All About Jazz needs your help and we have a deal. Pay $20 and we'll hide those six pesky Google ads that appear on every page, plus this box and the slideout box on the right for a full year! You'll also fund website expansion.
You realize that Australian-born guitarist Jason Campbell has decided to do something completely unpretentious but also interesting when first spinning Chillin' at Home. It begins with a laid-back (could it be any other way?) version of Bobby McFerrin's "Don't Worry, Be Happy, in which the guitarist exchanges solos with B3 keyboardist Col Nolan. Later he does a beautiful extended rendition of Jesse Harris' "Don't Know Why (the unstoppable Norah Jones hit that no one could escape from a few years back), taking advantage of its folkie, romantic feel to take it in another direction.
The originals also catch your attentionthe fast-paced (albeit very brief) "Fresh Roast features drummer Evan Mannell, Campbell feeding from the energy of the interaction. On "Aria 4 Daria, the trio (with drummer Andrew Dickenson) takes a more conventional approach, with Nolan providing Campbell the right background for his improvisations and responding with a few smart riffs and referencing Ellington's "Satin Doll in his solo.
Campbell takes advantage of the quick pace of "My Delight, demonstrating smart chops throughout the tune. Nolan sounds completely in sync here, delivering satisfying responses to the guitarduring the organ solo, Campbell plays a subtle bass line that enriches Nolan's footwork (there isn't a bassist on the CD). No organ-and-guitar disc would be complete without a standard blues tune; another original number, the easygoing "Anytime, Anyplace has a refreshing melodic tone that serves as a template for the guitarist to use chords and also to let the individual notes sustain a little longer.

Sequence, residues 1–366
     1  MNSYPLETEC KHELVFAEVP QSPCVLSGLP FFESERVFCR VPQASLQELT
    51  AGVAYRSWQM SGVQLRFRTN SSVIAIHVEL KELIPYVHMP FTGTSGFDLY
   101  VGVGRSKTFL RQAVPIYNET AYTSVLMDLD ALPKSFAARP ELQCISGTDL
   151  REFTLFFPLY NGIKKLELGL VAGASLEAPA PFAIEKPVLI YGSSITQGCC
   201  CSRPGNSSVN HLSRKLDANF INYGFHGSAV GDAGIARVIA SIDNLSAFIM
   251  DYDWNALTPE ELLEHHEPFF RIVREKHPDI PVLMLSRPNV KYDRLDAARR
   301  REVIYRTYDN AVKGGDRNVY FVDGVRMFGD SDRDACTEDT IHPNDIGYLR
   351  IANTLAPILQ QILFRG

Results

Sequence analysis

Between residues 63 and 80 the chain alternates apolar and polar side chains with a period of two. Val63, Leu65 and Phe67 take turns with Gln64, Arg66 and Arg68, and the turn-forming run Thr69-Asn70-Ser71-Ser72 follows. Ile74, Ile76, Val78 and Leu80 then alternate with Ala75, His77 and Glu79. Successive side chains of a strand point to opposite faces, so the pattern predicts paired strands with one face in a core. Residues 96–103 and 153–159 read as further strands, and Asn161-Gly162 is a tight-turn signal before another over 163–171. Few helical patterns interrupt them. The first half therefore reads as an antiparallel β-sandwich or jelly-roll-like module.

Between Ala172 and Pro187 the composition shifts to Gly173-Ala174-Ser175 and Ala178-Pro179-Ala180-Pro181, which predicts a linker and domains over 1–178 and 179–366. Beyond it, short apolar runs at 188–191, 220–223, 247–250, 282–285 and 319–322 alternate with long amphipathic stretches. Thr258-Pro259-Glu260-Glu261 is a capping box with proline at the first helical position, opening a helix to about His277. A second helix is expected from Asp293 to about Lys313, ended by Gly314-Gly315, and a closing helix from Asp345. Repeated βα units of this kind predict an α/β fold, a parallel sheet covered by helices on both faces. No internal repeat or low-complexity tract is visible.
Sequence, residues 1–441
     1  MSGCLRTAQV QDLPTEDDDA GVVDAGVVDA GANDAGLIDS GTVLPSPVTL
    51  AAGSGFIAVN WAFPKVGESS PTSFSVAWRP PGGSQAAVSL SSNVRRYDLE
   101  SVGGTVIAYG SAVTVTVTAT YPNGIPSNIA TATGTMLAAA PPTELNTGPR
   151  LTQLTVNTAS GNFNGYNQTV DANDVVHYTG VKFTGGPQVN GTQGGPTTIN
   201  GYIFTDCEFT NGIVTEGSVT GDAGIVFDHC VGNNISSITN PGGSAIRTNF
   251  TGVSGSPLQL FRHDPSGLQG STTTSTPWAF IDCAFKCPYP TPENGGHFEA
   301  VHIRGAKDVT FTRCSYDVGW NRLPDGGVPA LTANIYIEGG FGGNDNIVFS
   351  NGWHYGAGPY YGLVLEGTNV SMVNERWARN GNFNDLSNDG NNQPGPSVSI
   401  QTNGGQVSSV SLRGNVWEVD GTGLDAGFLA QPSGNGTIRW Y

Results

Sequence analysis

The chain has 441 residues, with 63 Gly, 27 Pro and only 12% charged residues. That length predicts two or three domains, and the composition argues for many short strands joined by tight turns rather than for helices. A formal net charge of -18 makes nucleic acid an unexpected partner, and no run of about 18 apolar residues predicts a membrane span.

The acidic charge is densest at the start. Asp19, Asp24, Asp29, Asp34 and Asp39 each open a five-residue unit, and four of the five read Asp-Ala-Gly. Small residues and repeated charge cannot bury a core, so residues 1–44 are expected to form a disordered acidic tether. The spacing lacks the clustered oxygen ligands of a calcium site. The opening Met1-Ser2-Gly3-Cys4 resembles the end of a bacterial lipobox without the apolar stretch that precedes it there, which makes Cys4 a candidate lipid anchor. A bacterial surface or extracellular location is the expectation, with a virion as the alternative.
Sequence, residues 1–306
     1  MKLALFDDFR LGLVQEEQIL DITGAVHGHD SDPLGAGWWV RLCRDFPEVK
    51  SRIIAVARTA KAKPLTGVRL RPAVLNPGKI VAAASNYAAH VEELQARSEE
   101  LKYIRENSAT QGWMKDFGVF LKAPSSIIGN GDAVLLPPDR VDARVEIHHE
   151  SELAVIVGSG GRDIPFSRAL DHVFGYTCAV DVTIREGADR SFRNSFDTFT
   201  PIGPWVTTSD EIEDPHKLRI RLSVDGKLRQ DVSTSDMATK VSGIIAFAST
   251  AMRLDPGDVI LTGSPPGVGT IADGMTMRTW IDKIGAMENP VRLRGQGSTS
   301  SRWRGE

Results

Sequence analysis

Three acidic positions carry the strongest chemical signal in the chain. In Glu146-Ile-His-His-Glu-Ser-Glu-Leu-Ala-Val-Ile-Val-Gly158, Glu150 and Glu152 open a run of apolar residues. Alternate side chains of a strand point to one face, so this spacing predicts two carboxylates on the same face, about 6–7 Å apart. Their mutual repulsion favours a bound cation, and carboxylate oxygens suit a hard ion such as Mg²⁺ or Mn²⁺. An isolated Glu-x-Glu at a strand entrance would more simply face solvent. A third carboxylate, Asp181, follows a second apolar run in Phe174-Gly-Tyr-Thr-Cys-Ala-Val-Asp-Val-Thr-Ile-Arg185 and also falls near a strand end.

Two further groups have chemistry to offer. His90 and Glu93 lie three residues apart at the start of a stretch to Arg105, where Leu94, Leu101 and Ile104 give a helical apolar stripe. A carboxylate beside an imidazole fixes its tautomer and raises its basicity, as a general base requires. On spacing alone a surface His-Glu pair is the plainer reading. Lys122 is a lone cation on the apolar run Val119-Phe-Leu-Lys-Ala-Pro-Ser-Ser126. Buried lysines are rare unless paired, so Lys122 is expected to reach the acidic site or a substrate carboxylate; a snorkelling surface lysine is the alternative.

Chillin' At Home is a disc for those who appreciate jazz from a more linear direction that does not fall into the soft-jazz categoryadventurous without being too challenging.
I grew up listening to mainstream '70s rock then ended up on the staff at the college paper at San Diego State, and volunteered to review heavy metal LPs. My second semester, the music editor dropped a Fenton Robinson LP on my desk, Night Flight. You like metal; they play guitar--he plays guitar, the editor told me
I grew up listening to mainstream '70s rock then ended up on the staff at the college paper at San Diego State, and volunteered to review heavy metal LPs. My second semester, the music editor dropped a Fenton Robinson LP on my desk, Night Flight. You like metal; they play guitar--he plays guitar, the editor told me. If we don't run a review, Alligator Records is going to stop servicing us.
Night Flight opened up a whole new world for me--the blues led me, inevitably, to Basie, who led to Duke, who led to Mingus, who led to Miles, who led to ...